I refer to the unsolved ones, not to those that are pretty satisfactorily solved already. I focus on our two acronyms SF1 and SF2, where SF can be read as Staggering Fact or as Structural Fact.
In the terminology of John Maynard Keynes SF1 generates a chronic shortfall of the inducement to invest. Once a society comes to depend on investment-for-the-sake-of-production-for-the-sake-of-sale-for- the- sake-of-profit to meet its needs, investment becomes its drug. It can never get enough of it. SF2 generates a chronic insufficiency of effective demand.
A low-level equilibrium of supply and demand has become our normal fate. Trading stops even though people who need to work for a living remain unemployed. The structurally humiliated go hungry. They feel unwanted. Unused capacity coexists with unmet needs. All this happens because production is for profit, and because what is needed does not always coincide with what can be sold for cost-covering prices with a margin left over to reward the entrepreneur and the investor.
The rich are ungovernable because everyone physically depends on their decisions to invest, and on their refraining from shutting production down by disinvesting. The threat of capital flight cows even the bravest government. Anything whatever -including saving the biosphere- is sacrificed when it conflicts with the overriding-imperative to preserve the always-precarious inducement to invest. The poor are ungovernable too. These same dynamics normally generate widening inequality, thinning the ranks of the middle classes while swelling the ranks of the ungovernables.
The general solution is to meet needs because they are needs. It is to meet them in harmony with nature because in the really-not-so-long run, humanity must either learn to live on nature’s terms or go extinct. Bypass profit when you need too, like a good pragmatist who sticks with an ideology only as long as it works, while not being too moralistic or too dogmatic to accept the benefits that the profit-motive does generate. Feed the hungry because the hungry are hungry.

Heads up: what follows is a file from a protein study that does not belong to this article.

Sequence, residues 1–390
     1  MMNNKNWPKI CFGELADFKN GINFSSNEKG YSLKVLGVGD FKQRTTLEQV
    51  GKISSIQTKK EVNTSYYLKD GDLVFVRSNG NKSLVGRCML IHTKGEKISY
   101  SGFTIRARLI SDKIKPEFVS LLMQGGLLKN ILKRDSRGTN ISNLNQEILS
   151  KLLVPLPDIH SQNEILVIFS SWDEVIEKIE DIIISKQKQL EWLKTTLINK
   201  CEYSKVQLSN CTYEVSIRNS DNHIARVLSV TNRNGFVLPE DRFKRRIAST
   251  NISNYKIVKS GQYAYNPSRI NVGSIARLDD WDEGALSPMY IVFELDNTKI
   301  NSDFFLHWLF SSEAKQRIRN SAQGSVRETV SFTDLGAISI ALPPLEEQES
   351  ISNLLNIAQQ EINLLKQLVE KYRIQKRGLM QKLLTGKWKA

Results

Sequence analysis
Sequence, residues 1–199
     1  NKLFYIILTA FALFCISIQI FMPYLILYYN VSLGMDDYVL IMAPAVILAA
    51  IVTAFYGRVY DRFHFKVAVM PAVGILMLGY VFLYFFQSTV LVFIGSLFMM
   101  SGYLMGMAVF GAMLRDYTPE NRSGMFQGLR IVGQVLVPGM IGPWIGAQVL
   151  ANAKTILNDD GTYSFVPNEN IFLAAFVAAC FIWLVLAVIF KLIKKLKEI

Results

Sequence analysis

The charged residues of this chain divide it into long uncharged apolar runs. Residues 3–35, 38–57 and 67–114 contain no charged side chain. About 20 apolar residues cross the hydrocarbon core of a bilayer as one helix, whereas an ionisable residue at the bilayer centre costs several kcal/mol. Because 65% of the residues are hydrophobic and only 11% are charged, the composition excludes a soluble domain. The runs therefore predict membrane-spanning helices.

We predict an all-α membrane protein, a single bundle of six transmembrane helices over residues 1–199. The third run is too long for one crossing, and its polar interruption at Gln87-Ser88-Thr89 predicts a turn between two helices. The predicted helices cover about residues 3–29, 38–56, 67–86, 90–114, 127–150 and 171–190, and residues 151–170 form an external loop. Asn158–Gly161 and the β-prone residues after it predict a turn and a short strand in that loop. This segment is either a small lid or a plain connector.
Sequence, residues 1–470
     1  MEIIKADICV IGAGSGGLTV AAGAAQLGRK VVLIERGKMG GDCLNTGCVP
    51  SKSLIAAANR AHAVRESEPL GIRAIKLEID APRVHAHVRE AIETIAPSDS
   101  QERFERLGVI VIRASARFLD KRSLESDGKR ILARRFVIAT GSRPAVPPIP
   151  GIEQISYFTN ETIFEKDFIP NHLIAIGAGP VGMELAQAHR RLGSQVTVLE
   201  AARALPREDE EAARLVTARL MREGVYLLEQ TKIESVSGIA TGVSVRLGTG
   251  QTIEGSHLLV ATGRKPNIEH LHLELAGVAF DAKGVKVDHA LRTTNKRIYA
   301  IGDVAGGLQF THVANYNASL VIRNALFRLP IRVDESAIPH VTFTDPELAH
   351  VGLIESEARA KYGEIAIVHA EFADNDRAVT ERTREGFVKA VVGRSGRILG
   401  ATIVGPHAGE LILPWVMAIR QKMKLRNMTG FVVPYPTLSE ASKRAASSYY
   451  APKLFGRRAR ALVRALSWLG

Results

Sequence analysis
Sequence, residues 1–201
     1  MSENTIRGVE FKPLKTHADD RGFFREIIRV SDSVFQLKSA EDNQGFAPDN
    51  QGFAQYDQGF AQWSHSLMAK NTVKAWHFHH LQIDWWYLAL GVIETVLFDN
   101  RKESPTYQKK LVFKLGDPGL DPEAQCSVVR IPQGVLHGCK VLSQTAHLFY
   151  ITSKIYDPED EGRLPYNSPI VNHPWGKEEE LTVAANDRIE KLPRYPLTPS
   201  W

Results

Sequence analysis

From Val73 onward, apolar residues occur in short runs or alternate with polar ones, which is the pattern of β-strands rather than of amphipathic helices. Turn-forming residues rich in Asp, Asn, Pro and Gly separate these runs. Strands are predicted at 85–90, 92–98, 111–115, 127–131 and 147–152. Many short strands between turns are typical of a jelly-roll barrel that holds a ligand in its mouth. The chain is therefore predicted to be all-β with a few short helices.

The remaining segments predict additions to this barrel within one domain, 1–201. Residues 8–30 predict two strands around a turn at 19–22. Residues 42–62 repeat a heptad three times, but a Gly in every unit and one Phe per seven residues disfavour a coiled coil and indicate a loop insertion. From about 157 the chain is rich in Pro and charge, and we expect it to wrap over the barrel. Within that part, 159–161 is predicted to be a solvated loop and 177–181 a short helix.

At an organization level, the general solution means being mission-driven, where the mission articulates one or more ways the organization serves the common good. It means creating value to share it. It means leaders who practice inspiring leadership, delivering to the team members something that in their biologically hard-wired hearts they really want and need: a sense of purpose, a sense of serving a cause greater than themselves, producing goods because they are good and services because they serve.
At a personal level the general solution means vocation, calling, meaningful living, reviving old religious understandings and cultivating new psychological understandings. It means relational selves, being-with-others, community. But having said this we must also say -true to pragmatic principles of unbounded organization- that what motivation will get a given job done is not to be postulated in advance for all persons, cultures, times, places, and tasks. Motivation is discovered. It is created.
At a money level, the general solution means transfer payments. Anthropologists say redistribution; economists say transfer. Dignified livelihoods for the sisters and brothers who are redundant in the labour market can be funded, generically speaking, in two overlapping ways: from rents and from factor income. Rents by definition can be transferred without damaging production –although in practice, this often cashes out to mean trading off some diminution of production for the greater good accomplished by the transfer. Voluntary transfers from factor income do not damage production at all because they happen when production is over. For example, if I choose to donate part of my pay to charity instead of spending it on travel, the organization that paid me will not even know what choice I made.